Orion Jean is a child on a mission. His goal: to spread kindness to as many people as possible and inspire others to do the same.
It all started last year when an elementary school teacher in Texas suggested the 9-year-old enter the National Good Speech Contest. “I figured I’d just try it and see what happens,” Orion tells Yahoo Life. He gave a speech about how kindness can “change a nation” and won the contest, winning a cash prize of $500.
He quickly realised that he wasn’t going to use all that money. “I’m a child,” says Orion, “I have everything I could wish for. But there are people who don’t”.
Orion, who says his parents instilled in him that “kindness is a virtue we should all strive to possess”, came up with the idea for the Race to Kindness campaign, a series of events aimed at helping others. Orion describes the race for kindness as “just an idea where I hoped I could spread kindness and people could join the race by spreading kindness in their communities”.
Orion decided to start by helping children in hospital who might not be able to see their families often because of the pandemic. “What better way to distract a child from something than with a toy?” Says Orion, adding that he hopes it will “put a smile on someone’s face”.
So Orion used his winnings to buy as many toys as possible and ran a toy drive to collect more. He collected more than 600 toys, which were donated to Children’s Hospital Dallas in 2020. “It was one of the best moments of my life,” he says.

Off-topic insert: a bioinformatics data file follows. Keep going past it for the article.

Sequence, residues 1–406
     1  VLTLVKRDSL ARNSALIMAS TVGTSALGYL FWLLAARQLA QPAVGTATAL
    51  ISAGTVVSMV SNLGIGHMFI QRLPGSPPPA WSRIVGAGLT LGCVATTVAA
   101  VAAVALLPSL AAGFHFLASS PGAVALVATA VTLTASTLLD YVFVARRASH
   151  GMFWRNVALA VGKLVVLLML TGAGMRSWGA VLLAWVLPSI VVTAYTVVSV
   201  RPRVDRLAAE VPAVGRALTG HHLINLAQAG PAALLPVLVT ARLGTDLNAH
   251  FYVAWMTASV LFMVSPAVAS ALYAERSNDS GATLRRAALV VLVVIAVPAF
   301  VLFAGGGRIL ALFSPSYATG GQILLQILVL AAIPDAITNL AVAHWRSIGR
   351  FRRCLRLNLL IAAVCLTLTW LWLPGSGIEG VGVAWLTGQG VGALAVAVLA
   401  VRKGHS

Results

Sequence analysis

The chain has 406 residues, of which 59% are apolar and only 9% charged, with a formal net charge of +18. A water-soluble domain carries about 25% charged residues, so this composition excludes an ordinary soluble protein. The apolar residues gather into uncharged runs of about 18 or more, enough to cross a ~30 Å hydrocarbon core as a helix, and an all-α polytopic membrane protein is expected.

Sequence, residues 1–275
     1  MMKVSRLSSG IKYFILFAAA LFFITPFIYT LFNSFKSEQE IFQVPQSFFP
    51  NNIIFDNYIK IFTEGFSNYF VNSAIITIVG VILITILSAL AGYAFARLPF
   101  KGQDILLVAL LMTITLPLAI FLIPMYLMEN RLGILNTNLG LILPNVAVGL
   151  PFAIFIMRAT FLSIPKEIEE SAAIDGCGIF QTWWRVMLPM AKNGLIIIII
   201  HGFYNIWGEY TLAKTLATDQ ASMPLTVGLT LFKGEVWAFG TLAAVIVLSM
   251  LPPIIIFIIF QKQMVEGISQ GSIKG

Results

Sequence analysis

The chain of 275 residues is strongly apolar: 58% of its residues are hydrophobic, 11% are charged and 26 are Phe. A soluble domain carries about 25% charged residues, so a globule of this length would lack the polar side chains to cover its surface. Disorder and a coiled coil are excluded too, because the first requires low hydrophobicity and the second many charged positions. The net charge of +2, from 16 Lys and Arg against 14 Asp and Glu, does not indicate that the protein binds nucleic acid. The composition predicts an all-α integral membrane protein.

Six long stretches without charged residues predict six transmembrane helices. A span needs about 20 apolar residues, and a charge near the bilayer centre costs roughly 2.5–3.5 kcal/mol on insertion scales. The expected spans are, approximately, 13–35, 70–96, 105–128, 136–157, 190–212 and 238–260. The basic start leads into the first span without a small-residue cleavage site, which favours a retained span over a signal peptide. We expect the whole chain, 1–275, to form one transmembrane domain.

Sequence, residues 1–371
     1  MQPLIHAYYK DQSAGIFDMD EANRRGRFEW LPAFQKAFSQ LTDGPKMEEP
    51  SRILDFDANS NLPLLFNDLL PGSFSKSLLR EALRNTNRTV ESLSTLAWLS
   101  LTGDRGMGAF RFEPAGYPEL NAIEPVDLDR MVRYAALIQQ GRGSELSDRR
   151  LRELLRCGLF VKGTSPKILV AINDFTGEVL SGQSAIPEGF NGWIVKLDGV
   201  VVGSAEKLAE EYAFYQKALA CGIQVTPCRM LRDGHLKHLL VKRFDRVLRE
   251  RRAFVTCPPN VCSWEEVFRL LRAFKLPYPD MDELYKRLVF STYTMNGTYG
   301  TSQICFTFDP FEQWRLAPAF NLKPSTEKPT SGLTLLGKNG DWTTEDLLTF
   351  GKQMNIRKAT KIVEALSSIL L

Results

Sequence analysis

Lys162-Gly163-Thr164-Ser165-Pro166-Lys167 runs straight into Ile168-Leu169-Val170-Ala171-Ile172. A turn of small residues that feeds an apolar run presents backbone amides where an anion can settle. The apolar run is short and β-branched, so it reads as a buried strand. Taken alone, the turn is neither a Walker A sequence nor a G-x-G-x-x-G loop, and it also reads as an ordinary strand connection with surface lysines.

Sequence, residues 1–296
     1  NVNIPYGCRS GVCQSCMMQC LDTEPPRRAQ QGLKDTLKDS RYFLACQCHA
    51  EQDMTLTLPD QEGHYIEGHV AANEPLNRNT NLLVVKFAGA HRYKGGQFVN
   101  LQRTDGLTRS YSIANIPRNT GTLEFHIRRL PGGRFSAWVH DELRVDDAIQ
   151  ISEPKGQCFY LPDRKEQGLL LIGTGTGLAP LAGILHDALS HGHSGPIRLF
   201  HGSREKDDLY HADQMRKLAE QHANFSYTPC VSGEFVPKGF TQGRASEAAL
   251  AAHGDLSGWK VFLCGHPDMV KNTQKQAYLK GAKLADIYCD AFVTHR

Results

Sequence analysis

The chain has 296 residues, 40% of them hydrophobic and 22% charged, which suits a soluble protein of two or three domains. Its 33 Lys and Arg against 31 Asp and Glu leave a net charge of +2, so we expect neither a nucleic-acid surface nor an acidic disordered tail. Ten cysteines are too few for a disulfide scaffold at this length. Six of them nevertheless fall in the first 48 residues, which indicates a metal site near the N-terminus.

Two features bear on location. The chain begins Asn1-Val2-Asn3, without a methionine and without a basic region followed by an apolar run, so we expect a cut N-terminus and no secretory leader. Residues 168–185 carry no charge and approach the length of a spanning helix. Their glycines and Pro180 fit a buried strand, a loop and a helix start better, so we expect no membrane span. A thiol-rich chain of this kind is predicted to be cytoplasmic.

But Orion was just getting started. After the toy drive, he launched an ambitious ‘Race for 100,000 meals’ to help people who are food insecure in his community for Thanksgiving in 2020. “The need in my community has always been there,” Orion explains.
Race to Kindness partnered with a Dallas-based nonprofit organization, TangoTab, to help get 100,000 meals donated and to feed people “who might not have had a meal for Thanksgiving,” Orion says. The result? “We were able to not only reach but [also] surpass our goal of 100,000 meals,” he says.
In May 2021, the kindness activist decided to launch “Race to 500,000 Books” to help families who couldn’t afford books or live in “book deserts.”
“I am a huge book fan,” Orion shares, adding: “Studies do show that children who have books in their homes do better academically.”
The campaign to collect 500,000 books for donation ends on August 31, but, as Orion puts it: “We hope that people continue to donate to nonprofit literacy organizations in their community because the race is never over.”
To help inspire other kids, the 10-year-old natural-born leader has even written a book, A Kid’s Book about Leadership, which comes out in the fall. While Orion no doubt continues to dream up new ways to help others, he hopes that all of these acts of kindness inspire people to do the same. “It doesn’t have to be about toys or food or books as long as someone is being helped,” Orion says. “And as long as you’re being kind to someone, that counts as a part of the Race to Kindness.”
Orion adds: “We are all capable of being kind people. So long as you’re helping people and making them feel loved, that is what it’s all about.”